Heat a waffle iron with plates for thin wafers. If you have an authentic waffle iron you’ll have to heat it on a coal fire or maybe a barbecue. If you have an electric one, just plug it in and switch to “on”. Grease the inside of the irons with a little butter.
Spoon some of the batter on one of the irons and squeeze the irons shut. Bake the wafers to a nice golden brown colour (my electric waffle iron takes about four minutes).
Open the iron, remove the waffles, cut them and roll them if you want to. Do this straight away, when the wafers are still pliable. When the wafers have cooled they are more or less hard and crispy. Let them cool on a rack.
Whip the cream to a fluffy comsistence. Use a whisk or an electric mixer (when using an electric mixer, do not whisk at full speed or you’ll end up with butter instead of whipped cream). You may even use a small stick with split ends if you want to!
Once the cream is whipped, add sugar and rose water.
Wafers are at their best when eaten whilst they are still fresh. You could reheat them in an oven at moderate temperature. Do not use the microwave oven, the wafers will become soft. Serve with snow, or stuff the rolled wafers with the cream. These wafers go very well with clareit, wine with honey and spices.
About fortune cookies
I have baked these wafers for the opening of an exhibition on the Sidrac-exhibition in the Utrecht University Museum. The Sidrac is a medieval question-answer text that covered scientific disciplines as they were in the Middle Ages. The original idea was to hide questions from this text in little balls which were to be put in a lucky bag. But in the end it was decided to roll the questions in the baked wafers, just like chinese fortune cookies. However, as far as I know it was not a medieval european custom to hide texts in food. Moreover, Fortune Cookies are not an ancient chinese custom, not even chinese! The first fortune cookies were baked in California in the beginning of the twentieth century. Later tourists in Asia asked for the cookies as dessert. That’s how the fortune cookies came to China. (more information on the history of Fortune Cookies)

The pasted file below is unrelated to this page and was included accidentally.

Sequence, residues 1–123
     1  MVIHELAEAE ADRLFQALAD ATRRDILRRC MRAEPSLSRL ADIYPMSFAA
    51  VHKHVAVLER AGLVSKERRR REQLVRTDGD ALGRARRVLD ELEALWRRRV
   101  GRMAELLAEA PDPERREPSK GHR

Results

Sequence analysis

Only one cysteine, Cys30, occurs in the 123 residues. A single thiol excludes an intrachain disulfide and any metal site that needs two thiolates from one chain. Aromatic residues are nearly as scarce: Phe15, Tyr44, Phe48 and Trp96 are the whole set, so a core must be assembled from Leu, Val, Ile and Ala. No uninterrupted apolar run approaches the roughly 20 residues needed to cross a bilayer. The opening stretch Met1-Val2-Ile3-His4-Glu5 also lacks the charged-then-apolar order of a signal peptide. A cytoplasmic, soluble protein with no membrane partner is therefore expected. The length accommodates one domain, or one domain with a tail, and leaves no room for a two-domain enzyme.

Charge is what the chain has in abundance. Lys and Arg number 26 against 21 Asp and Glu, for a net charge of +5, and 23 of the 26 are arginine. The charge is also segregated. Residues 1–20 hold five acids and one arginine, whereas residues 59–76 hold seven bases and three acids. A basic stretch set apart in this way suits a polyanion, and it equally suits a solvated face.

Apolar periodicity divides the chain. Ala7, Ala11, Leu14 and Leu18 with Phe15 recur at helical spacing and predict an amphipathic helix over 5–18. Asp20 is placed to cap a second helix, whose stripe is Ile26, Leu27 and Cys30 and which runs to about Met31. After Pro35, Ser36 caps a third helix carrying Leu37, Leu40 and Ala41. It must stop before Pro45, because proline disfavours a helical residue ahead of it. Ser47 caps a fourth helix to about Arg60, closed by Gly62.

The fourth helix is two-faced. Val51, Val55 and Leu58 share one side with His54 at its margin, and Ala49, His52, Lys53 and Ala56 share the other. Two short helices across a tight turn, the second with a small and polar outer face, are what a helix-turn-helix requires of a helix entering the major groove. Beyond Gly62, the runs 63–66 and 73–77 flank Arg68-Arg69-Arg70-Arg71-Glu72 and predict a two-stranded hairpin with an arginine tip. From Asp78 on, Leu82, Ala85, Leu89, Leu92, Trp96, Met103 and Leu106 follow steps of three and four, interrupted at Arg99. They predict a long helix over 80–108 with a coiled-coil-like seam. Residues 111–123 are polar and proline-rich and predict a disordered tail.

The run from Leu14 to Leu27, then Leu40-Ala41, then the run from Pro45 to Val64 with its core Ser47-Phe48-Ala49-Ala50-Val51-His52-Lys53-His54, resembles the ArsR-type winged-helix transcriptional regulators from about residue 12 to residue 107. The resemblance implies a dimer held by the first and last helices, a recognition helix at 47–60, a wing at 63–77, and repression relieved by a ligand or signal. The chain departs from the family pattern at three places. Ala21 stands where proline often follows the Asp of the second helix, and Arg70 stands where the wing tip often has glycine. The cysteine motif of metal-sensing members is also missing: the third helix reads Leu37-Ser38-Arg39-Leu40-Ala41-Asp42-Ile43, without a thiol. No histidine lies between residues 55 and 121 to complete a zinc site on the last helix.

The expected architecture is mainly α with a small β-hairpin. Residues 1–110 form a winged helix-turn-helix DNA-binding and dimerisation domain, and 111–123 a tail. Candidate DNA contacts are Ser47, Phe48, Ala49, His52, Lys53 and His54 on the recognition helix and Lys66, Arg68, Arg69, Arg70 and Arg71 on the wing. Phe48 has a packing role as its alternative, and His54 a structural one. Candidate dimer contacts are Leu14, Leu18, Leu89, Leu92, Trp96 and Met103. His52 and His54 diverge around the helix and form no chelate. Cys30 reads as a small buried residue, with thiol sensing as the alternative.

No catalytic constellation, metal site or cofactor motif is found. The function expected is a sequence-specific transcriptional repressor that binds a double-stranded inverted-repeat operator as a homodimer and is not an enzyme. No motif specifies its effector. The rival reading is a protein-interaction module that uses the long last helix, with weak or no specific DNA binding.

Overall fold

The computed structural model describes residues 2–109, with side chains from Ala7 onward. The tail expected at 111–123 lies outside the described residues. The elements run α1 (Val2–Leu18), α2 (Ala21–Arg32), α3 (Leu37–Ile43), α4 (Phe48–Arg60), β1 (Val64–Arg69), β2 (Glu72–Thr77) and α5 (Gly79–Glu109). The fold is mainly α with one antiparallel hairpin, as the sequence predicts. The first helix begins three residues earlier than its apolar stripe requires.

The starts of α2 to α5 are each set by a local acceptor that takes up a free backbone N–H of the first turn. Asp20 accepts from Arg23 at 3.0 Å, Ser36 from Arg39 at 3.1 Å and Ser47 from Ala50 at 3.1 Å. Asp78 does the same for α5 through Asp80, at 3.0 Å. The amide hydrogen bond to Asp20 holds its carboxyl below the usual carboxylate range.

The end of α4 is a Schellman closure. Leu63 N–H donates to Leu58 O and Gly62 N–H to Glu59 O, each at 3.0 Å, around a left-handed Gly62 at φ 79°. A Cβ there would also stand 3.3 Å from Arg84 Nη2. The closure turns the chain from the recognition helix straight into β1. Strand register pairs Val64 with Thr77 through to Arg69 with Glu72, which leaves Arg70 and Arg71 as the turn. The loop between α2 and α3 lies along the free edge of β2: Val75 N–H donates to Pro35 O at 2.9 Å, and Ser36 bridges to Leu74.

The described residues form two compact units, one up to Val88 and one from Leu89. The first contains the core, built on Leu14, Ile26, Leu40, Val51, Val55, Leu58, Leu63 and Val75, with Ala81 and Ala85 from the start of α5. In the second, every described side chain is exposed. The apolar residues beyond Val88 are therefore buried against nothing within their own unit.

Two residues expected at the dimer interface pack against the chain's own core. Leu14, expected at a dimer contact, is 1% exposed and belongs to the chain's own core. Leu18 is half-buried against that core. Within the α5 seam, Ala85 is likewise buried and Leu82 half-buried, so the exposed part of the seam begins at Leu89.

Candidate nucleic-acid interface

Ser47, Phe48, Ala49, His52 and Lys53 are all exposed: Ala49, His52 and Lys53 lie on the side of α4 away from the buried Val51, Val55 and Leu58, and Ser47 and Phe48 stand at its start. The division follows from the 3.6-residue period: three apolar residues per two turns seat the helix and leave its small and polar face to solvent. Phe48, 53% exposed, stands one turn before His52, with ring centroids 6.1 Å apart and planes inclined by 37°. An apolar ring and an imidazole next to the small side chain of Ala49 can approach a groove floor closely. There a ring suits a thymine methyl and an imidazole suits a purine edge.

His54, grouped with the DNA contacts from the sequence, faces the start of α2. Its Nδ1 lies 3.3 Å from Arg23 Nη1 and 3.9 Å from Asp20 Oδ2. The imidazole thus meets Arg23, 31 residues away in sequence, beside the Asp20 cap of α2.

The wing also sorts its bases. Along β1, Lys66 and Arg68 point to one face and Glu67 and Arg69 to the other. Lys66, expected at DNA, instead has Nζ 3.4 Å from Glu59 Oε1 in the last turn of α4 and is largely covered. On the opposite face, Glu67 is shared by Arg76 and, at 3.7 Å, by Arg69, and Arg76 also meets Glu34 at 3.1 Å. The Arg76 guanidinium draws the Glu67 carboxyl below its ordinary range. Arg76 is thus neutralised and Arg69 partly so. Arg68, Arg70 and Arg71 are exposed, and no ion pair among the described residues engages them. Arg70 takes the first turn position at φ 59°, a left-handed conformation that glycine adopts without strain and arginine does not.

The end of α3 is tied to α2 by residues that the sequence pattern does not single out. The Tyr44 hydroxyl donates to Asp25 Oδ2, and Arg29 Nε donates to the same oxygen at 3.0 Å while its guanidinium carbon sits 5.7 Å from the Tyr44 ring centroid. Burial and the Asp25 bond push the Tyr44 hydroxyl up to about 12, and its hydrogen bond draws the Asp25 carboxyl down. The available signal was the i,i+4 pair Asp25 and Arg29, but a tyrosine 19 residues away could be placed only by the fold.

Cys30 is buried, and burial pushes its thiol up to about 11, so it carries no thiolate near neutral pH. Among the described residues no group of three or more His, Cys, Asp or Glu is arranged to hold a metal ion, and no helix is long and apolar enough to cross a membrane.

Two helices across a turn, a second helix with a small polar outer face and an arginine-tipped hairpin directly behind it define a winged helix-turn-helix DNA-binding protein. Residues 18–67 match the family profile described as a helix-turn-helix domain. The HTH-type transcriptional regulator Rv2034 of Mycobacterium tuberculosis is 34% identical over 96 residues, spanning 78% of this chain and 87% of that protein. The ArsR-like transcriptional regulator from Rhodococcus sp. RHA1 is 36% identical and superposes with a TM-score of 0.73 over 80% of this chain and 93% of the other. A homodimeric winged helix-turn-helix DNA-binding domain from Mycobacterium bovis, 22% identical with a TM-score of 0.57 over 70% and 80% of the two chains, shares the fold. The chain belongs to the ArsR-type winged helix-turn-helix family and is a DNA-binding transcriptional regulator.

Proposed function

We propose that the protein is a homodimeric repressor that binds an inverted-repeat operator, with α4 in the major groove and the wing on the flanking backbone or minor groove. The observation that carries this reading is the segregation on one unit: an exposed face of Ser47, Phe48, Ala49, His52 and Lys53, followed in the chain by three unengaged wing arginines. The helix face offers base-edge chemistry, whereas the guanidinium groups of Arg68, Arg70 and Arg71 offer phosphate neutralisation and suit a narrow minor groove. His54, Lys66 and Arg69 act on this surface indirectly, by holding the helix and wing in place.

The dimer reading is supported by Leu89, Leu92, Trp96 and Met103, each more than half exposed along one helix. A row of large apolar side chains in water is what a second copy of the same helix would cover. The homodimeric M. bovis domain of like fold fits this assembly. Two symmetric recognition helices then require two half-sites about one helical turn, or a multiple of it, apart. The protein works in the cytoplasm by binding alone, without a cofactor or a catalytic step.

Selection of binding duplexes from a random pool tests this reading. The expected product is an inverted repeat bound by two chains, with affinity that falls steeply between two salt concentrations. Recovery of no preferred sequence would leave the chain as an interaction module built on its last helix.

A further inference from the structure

This is indeed water that is perfumed with rose petals. In the modern Western cuisine its use is obsolete (except in e.g. marzipan), but during the Middle Ages and Renaissance it was a popular condiment (as was orange blossom water). In the Middle-East and India rose water is still in use.
The editions below were used by me. Links refer to available editions.
All books mentioned on Coquinaria
- Manuscript KANTL Gent 15: on this site there is an edition in progress of this manuscript, with translations in modern Dutch and English.
- The first volume of the convolute KANTL Gent 15: W.L. Braekman, “Een belangrijke middelnederlandse bron voor Vorselmans’ Nyeuwen Coock Boeck (1560)” (An important Middle-dutch source for Vorselman’s New Cookbook’) . In: Volkskunde 87 (1986) pp. 1-24
- The second and third vols of the convolute: W.L. Braekman, Een nieuw zuidnederlands kookboek uit de vijftiende eeuw. Scripta 17, Brussel, 1986.
Recipe for medieval Dutch wafers with cream